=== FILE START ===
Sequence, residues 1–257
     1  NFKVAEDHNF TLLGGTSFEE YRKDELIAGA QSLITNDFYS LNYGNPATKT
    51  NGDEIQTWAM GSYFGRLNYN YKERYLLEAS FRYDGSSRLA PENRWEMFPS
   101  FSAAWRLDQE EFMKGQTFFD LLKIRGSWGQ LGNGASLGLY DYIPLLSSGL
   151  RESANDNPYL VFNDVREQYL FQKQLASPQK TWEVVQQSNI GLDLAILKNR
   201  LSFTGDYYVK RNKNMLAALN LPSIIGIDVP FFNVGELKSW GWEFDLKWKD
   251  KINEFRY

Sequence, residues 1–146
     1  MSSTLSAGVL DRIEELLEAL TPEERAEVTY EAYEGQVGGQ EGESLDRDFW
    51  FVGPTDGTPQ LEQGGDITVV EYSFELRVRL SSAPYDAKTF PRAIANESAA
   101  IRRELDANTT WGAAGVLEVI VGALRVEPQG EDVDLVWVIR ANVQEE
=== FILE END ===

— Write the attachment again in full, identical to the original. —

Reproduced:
Sequence, residues 1–257
     1  NFKVAEDHNF TLLGGTSFEE YRKDELIAGA QSLITNDFYS LNYGNPATKT
    51  NGDEIQTWAM GSYFGRLNYN YKERYLLEAS FRYDGSSRLA PENRWEMFPS
   101  FSAAWRLDQE EFMKGQTFFD LLKIRGSWGQ LGNGASLGLY DYIPLLSSGL
   151  RESANDNPYL VFNDVREQYL FQKQLASPQK TWEVVQQSNI GLDLAILKNR
   201  LSFTGDYYVK RNKNMLAALN LPSIIGIDVP FFNVGELKSW GWEFDLKWKD
   251  KINEFRY

Sequence, residues 1–146
     1  MSSTLSAGVL DRIEELLEAL TPEERAEVTY EAYEGQVGGQ EGESLDRDFW
    51  FVGPTDGTPQ LEQGGDITVV EYSFELRVRL SSAPYDAKTF PRAIANESAA
   101  IRRELDANTT WGAAGVLEVI VGALRVEPQG EDVDLVWVIR ANVQEE